UK house prices will flatline, says the Halifax

Image caption House prices have changed little over the last year, the Halifax has said

UK house prices will end the year at the same level as now owing to tough economic conditions, a lender has predicted.

The Halifax, now part of the Lloyds Banking Group, said prices were broadly the same as a year ago, falling by 0.1% in May compared with a year earlier.

Various surveys have suggested the UK housing market is relatively stagnant.

But Halifax said prices had picked up between April and May, rising by 0.5%, to an average of £160,941.

These monthly figures are relatively volatile, having shown a 2.3% fall between March and April.

The three-month on three-month measure showed a 0.8% rise in prices by the end of May.

"While there has been a modest improvement in the trend for house prices recently, the current average UK price is very similar to the levels both a year ago and at the beginning of this year," said Martin Ellis, housing economist for the Halifax.

"We expect this situation to continue with prices likely to still be around today's levels at the end of 2012 as the ongoing tough economic environment constrains housing demand."

He said that uncertainty in the economy and an "intensification" in the eurozone crisis meant that lenders would continue to be cautious in offering mortgages. This would continue to put the brakes on any housing market activity or price rises.

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UK house prices

Year on year % change



Halifax and rival Nationwide construct their house price data from samples of their own mortgage lending.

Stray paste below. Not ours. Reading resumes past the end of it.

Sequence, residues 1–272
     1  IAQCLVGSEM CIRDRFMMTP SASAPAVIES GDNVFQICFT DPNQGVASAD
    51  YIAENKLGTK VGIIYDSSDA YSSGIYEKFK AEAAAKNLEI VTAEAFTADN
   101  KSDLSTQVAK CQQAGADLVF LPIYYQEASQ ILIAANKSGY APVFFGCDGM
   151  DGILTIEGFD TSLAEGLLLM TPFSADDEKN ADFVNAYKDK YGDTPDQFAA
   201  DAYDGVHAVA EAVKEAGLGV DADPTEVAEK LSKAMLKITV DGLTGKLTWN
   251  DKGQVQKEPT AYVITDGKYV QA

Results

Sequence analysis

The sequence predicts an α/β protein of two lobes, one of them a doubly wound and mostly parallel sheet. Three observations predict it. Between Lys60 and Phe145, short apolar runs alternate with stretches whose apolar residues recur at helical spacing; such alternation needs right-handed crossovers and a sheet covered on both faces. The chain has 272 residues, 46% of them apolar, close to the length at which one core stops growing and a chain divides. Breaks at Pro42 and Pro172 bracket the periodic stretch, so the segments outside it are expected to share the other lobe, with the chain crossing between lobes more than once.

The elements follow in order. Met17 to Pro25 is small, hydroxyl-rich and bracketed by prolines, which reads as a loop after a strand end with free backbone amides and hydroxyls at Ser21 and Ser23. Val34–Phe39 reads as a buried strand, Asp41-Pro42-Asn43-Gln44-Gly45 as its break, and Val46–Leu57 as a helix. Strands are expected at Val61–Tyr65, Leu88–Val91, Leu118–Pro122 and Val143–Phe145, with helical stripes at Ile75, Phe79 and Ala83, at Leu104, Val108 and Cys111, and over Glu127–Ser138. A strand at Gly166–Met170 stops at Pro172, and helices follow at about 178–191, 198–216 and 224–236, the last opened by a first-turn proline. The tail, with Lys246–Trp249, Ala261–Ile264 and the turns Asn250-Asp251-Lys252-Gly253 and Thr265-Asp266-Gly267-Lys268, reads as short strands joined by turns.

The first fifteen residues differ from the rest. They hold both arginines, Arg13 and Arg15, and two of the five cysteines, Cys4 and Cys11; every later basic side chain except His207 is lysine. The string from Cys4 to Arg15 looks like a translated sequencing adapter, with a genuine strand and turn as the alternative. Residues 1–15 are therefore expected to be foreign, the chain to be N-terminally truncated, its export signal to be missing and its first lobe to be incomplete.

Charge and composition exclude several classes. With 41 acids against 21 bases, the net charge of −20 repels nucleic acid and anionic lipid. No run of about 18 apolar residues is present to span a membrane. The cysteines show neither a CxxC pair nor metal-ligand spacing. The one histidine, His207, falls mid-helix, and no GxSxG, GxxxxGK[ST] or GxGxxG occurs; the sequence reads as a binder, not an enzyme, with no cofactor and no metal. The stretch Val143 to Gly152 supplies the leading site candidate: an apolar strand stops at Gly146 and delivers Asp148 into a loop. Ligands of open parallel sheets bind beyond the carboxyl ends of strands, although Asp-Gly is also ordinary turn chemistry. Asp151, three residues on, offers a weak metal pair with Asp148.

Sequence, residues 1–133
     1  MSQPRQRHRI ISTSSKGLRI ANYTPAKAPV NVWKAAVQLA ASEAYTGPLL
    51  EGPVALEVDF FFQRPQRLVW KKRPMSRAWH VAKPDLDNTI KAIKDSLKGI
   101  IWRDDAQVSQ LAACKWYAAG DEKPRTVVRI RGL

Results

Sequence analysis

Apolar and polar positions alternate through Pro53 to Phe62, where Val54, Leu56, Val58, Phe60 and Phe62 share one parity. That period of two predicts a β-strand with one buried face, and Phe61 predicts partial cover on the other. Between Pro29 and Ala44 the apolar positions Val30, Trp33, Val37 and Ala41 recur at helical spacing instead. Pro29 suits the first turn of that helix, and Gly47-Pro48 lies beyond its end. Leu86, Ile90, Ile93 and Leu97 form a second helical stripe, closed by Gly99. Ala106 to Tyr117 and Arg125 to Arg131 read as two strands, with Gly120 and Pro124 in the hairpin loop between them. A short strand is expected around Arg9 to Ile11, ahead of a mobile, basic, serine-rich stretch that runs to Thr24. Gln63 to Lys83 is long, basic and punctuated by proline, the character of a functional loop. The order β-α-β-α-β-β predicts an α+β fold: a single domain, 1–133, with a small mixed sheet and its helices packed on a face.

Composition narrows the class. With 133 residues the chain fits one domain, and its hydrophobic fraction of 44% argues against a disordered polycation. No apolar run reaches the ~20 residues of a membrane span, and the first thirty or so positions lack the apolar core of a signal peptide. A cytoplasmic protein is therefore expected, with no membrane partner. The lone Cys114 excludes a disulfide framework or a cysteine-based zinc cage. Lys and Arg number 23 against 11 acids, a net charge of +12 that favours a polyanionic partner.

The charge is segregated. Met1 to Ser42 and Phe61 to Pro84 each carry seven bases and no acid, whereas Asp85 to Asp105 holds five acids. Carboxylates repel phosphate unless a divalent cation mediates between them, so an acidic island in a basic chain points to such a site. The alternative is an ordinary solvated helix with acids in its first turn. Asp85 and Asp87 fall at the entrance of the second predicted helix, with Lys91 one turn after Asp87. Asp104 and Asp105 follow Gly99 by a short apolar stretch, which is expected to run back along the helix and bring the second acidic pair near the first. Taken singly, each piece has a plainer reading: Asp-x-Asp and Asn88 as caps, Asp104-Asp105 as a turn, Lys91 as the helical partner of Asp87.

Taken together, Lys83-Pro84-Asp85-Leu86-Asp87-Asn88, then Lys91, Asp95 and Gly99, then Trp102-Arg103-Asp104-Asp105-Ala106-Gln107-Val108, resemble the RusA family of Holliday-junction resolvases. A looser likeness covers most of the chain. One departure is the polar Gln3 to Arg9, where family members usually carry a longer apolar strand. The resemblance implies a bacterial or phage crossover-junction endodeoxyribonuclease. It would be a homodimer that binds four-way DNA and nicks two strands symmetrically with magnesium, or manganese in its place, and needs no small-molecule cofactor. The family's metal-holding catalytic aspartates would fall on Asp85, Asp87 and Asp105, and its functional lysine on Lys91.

A recent Nationwide survey suggested that prices were "fairly stable". The lender said prices rose by 0.3% in May, but this still left them 0.7% lower than a year ago.

The year-on-year comparison is calculated slightly differently by the two lenders. The Halifax compares the previous three months with the same three months a year earlier to give a smoother comparison, rather than a direct comparison of the equivalent months as calculated by the Nationwide.

One industry commentator said that a stable market was actually a sign of inactivity.

Ashley Alexander, managing director of estate agent review website, said that major sporting occasions this summer would mean fewer people spending time out househunting.

"There are simply too many factors preventing a purchase. A lack of stock generally, intransigent sellers, tougher lending criteria and consumer caution are keeping transaction levels low," he added.

"Even the prospect of low interest rates for another year or two, or even three, is not enough to convince people to buy."

The Land Registry survey, widely regarded as the most comprehensive although it only covers England and Wales, suggested that prices had fallen by 1% in April compared with a year earlier.

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